SHC stays construction of nuclear power plants for another three months

Published: December 22, 2014
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The bench ordered authorities to carry out fresh Environmental Impact Assessment within three months STOCK IMAGE

The bench ordered authorities to carry out fresh Environmental Impact Assessment within three months STOCK IMAGE

KARACHI: The Sindh High Court (SHC) on Monday restrained work on the two proposed nuclear power plants in Karachi as it sought a fresh ‘environmental impact assessment’ (EIA) report by the Sindh Environmental Protection Agency (SEPA).

The court directed that the reports should be in accordance with Section 17 of the SEPA Act 2014 read with the Pakistan Environmental and EIA Regulations 2014.

Headed by the Chief Justice Maqbool Baqar, the bench said that fresh EIA should be carried out within three months and till then restrained the Pakistan Atomic Energy Commission from commencing work on the plants.

The order came on a petition filed by a group of four citizens – filmmaker Sharmeen Obaid Chinoy, physicists Dr Pervez Amirali Hoodbhoy and Dr Abdul Hameed Nayyar, and architect Arif Belgaumi. They had had challenged the construction of the two nuclear plants as they claimed it was not complying with the environmental laws.

On Monday, the two judges disposed of the petition after hearing arguments from Advocate Abdul Sattar Pirzada and Qazi Athar for the petitioners and Advocate Anwar Mansoor Khan for PAEC.

On previous hearing on December 18, the petitioners’ lawyer had asserted that the safety precautions to be adopted by the authorities were still unclear, which was a matter of concern given the threat posed by the reactors to the people of Karachi. He further argued that the EIA report had been issued without complying with the provisions laid out in the environmental laws, since no public hearing had been held regarding the suitability of the site.

However, Anwar Mansoor Khan, the counsel for PAEC, submitted that the commission was exempted from holding public hearings regarding the site under Section 12(3) of the Environmental Protection Act of 1997. He said that the selected location was in close proximity to the existing nuclear power plant, adding that a new site had not been picked for the planned plants.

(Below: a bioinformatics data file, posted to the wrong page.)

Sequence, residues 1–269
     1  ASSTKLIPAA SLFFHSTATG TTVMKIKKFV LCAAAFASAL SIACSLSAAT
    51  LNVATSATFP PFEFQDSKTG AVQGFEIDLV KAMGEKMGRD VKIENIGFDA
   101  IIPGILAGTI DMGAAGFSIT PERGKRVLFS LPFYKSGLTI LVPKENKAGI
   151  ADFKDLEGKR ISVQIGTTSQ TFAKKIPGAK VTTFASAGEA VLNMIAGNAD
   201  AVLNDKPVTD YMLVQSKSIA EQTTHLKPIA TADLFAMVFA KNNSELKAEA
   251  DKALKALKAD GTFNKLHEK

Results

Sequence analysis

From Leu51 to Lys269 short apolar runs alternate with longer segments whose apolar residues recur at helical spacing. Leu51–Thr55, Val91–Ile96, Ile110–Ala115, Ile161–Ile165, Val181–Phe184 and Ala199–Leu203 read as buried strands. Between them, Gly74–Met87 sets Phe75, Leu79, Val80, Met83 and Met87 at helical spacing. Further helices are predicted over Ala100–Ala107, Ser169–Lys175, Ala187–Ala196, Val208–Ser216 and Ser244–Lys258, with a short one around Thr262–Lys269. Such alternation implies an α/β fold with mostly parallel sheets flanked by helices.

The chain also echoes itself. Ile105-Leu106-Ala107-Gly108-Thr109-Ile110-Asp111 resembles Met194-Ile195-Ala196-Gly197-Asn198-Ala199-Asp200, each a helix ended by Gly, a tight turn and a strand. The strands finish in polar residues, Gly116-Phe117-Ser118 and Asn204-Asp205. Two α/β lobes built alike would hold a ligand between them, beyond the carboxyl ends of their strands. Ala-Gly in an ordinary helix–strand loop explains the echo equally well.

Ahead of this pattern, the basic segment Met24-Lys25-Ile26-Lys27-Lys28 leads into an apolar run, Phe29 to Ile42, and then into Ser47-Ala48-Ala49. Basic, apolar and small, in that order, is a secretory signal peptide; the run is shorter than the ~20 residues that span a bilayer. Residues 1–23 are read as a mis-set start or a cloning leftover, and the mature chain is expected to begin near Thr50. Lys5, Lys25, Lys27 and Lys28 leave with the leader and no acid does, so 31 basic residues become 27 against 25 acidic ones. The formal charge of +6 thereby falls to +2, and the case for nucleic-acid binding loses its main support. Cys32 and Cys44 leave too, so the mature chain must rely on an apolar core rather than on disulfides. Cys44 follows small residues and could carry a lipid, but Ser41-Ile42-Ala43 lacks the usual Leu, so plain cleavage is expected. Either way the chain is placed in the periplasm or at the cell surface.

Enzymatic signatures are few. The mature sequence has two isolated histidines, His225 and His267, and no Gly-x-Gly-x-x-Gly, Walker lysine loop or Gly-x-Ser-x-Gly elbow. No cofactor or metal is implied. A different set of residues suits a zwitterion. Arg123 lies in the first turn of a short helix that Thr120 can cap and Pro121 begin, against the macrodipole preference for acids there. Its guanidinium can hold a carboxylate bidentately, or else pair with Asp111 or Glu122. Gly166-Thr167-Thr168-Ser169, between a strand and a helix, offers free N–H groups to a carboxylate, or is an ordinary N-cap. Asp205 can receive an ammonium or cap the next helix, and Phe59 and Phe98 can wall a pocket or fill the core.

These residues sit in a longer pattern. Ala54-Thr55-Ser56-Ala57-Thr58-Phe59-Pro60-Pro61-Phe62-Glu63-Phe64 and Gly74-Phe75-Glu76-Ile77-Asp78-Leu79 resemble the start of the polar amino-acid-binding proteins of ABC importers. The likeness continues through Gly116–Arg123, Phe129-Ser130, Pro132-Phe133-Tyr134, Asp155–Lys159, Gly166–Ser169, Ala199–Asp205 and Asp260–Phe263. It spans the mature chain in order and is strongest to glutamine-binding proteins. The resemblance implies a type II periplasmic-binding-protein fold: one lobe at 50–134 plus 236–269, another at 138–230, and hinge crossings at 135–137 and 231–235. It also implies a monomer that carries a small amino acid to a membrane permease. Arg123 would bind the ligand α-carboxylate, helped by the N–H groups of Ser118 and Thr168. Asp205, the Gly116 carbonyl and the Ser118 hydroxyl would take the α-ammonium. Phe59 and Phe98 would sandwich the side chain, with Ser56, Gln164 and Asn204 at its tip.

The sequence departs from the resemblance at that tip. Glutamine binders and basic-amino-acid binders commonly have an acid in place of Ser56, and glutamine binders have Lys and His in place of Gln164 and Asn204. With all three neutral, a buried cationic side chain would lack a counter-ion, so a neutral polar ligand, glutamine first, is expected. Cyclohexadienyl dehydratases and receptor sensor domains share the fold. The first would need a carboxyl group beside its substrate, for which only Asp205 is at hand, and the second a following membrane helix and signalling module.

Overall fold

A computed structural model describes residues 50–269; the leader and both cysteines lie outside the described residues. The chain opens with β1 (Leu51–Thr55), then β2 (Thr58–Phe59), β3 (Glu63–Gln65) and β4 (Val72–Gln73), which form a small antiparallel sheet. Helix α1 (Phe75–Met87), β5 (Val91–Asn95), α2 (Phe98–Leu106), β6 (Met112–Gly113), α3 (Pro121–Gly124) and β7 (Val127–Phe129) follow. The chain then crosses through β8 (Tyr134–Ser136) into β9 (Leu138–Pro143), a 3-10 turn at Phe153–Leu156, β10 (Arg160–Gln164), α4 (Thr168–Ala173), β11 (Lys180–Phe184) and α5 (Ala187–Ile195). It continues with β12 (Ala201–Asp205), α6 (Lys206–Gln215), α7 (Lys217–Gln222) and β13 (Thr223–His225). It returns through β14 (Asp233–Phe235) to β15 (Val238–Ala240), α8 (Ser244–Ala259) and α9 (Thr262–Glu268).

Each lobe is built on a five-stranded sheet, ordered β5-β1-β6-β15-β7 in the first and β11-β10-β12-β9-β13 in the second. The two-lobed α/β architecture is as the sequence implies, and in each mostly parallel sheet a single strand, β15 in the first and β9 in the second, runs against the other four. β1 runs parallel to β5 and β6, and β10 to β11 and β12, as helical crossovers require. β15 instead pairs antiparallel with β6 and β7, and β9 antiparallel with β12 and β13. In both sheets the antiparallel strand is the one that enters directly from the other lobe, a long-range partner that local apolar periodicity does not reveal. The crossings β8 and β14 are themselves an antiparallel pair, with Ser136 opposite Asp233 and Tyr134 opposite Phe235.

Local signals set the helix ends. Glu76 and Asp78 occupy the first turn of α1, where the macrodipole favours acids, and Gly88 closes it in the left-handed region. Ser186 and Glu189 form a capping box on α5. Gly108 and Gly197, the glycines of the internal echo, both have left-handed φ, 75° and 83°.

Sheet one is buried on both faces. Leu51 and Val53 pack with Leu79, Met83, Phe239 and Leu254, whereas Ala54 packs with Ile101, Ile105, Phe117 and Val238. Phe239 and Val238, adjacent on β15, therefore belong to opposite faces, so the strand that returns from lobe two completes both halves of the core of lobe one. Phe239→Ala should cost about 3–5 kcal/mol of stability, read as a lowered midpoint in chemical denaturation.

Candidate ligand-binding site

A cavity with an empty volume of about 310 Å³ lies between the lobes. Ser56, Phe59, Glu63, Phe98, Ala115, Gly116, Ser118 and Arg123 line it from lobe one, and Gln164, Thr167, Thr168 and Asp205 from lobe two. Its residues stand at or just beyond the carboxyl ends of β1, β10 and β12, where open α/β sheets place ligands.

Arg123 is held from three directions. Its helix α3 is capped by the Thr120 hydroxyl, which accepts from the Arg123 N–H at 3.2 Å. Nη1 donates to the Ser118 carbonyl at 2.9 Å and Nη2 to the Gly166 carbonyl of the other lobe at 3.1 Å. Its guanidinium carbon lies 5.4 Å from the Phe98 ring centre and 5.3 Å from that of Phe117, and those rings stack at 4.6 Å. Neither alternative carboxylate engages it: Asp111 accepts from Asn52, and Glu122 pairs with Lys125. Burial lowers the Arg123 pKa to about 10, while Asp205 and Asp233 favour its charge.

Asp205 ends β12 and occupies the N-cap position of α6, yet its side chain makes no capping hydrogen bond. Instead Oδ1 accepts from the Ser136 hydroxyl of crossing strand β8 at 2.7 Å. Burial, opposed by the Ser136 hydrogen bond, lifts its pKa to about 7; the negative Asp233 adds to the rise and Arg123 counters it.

Khan claimed that other countries were also using ACP-1000 nuclear reactors to generate electricity. He further said that the PAEC could not place certain facts on record due to the sensitivity of the project and for strategic reasons.

According to Khan, the work had only commenced after adherence to all technical and legal prerequisites. He pleaded to the court to vacate its stay order, saying that the order was causing massive financial losses to the PAEC.

The bench adjourned the hearing after Khan concluded his arguments, asking the petitioners’ lawyer to make his case at the next hearing.

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Reader Comments (1)

  • Seriously
    Dec 24, 2014 - 7:35PM

    The nuclear units being built in Karachi are of ACP1000 design, which has successfully passed IAEA’s Generic Reactor Safety Review this December.
    Following is the summary of review, according to World Nuclear News:

    Firstly, the technology is recognized to be fully compliant with all the safety standards set by the IAEA and that it is suitable to be sold outside of China.

    Secondly, the ACP1000 design is evolutionary, meaning it is constantly evolving by adding the latest and best technology to existing technology.

    Thirdly, the design combines passive and active technology, ensuring better safety.

    However, despite the probability of severe accident is near zero, POSSIBILITY is not zero. So, along with all safety measures, PAEC should have a rigorous plan for any emergency situation.

    However, this doesn’t mean the construction of reactors be stopped. Pakistan seriously needs this source of energy and it’s not alone here; other countries are also actively building nuclear reactors. China, having 22 reactors operational, is constructing 26 more; just as an exampleRecommend

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